Parrish: While you’re making photos, you’ve mentioned doing so from the passenger seat. How does viewing the world through a car window affect what you see? Is the car protection? A disguise? Or is that physical separation from the scene before you necessary to impart a distanced aesthetic?
Lee: Honestly, it’s easier. When I’m using the 4x5 and 8x10 cameras of course I’m always away from the car and using a tripod, but when slowly roaming town neighborhoods, with capturing structures in mind, as was the case for a portion of the OK series, it’s very convenient to stop, aim and capture and drive on. And from the car, everything is framed relatively the same for good consistency in perspective.
Parrish: I’m going to pull out a question Jon Feinstein recently asked here on the site. I couldn't word it any better than he already has: “How do you see this work fitting into, riffing on, moving forward, pushing against, being in conversation with, etc the legacy of American road trip photography?
Lee: I think anyone interested in such views is adding to the conversation, so to speak. The fact that I can and have come across many American scenes that resemble what we see in William Christenberry’s photographs from decades ago is both interesting and exciting to me. And Walker Evans before him. It reminds us that America has been falling a part and outgrowing itself for many years. I see my own versions of what they saw before me. Just as Evans and Christenberry we’re drawn to environmental contradictions, so am I.
I’m simply adding my own pages to the greater, ongoing story. Personally I find it interesting when a photographer finds a similar scene in the Midwest, for example, to a scene captured in, say, California. It creates a thread; additional pieces of the puzzle. It’s a variety of views from a variety of photographers of a social landscape that we all share, past, present, and, apparently, future.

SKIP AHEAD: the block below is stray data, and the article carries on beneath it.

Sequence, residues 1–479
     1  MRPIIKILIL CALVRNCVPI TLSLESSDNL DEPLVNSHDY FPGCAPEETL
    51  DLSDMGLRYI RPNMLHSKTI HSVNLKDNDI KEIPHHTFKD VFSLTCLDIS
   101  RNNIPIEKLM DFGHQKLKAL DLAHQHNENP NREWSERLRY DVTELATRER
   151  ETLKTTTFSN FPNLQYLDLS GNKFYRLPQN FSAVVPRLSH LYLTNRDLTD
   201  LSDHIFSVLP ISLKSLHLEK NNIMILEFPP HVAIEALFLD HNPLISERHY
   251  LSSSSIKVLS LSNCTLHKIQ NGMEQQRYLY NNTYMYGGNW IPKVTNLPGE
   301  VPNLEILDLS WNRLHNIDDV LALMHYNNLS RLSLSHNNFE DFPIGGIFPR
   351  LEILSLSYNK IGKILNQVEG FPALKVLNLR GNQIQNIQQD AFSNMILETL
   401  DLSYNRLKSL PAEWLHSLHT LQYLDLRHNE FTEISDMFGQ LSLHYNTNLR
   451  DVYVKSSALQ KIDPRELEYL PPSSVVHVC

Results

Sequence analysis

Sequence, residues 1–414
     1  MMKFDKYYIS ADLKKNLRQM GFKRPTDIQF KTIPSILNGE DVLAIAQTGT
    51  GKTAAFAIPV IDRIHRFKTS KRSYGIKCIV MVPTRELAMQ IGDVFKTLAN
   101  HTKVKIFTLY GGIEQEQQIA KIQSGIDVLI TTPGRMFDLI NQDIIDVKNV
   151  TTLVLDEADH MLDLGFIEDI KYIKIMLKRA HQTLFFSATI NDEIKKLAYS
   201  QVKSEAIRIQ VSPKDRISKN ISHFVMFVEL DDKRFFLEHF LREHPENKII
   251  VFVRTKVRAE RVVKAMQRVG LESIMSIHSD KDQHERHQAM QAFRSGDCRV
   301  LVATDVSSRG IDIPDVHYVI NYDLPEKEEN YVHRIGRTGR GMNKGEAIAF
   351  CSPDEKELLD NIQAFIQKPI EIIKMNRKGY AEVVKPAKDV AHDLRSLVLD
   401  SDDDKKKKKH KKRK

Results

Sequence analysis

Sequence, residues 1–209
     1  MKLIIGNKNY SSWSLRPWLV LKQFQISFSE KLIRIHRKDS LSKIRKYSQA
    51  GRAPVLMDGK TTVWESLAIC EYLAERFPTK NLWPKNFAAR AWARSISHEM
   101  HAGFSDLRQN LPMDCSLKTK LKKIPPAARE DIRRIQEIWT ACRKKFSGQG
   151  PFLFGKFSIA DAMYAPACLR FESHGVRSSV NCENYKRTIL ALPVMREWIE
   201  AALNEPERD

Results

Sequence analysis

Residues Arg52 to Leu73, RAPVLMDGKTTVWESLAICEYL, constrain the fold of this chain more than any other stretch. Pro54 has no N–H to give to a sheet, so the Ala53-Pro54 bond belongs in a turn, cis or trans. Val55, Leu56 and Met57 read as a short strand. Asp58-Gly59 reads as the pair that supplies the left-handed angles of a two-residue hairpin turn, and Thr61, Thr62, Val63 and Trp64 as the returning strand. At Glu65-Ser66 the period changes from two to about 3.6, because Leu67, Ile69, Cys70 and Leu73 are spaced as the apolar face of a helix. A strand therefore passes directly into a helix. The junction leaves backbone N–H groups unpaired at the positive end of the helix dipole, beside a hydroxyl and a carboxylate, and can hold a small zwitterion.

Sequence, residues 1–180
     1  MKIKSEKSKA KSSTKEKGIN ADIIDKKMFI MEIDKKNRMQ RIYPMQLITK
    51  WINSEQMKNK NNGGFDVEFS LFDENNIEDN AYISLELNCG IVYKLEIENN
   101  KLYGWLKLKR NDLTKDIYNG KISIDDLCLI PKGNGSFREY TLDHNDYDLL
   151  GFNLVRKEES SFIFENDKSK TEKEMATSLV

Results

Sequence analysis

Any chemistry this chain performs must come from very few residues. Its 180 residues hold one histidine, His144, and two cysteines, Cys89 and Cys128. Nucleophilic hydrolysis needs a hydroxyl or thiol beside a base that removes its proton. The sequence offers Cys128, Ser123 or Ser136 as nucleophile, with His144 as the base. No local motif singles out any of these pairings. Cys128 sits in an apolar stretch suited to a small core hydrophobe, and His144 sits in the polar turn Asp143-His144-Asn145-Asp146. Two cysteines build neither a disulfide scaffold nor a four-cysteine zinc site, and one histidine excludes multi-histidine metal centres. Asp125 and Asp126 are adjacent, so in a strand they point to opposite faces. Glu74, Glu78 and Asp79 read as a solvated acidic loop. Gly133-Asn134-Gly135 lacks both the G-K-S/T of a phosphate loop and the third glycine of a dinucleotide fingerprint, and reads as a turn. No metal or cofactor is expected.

Parrish: That’s so true. You have an image of a building with a CocaCola sign which immediately struck a familiar chord…like something I might stumble upon back home in rural Ohio. So, what’s next?
Lee: After the Tulsa exhibition opening it’ll be straight to work on the Oklahoma series book, which will feature a great deal more pieces than will be seen at the museum. Hoping for a December 2019 release.
Parrish: You've clearly got a lot on your plate. I’ll wrap this up with one last question. If there is one thing you want people to know or understand about this work, what would that be?
Lee: Nothing, really. If a photograph makes sense to them for some reason or another, great. If it means nothing to them, all the same. This is simply what I enjoy photographing. I find these scenes interesting and maybe others do too.
OK: Jason Lee Photographs opens June 1, 2019 at the Philbrook Museum in downtown Tulsa, Oklahoma.
Find out more at jasonleefilm.com Follow along on Instagram at @jasonlee, @stereoskateboards, @thefolkloreproject and @filmphotographic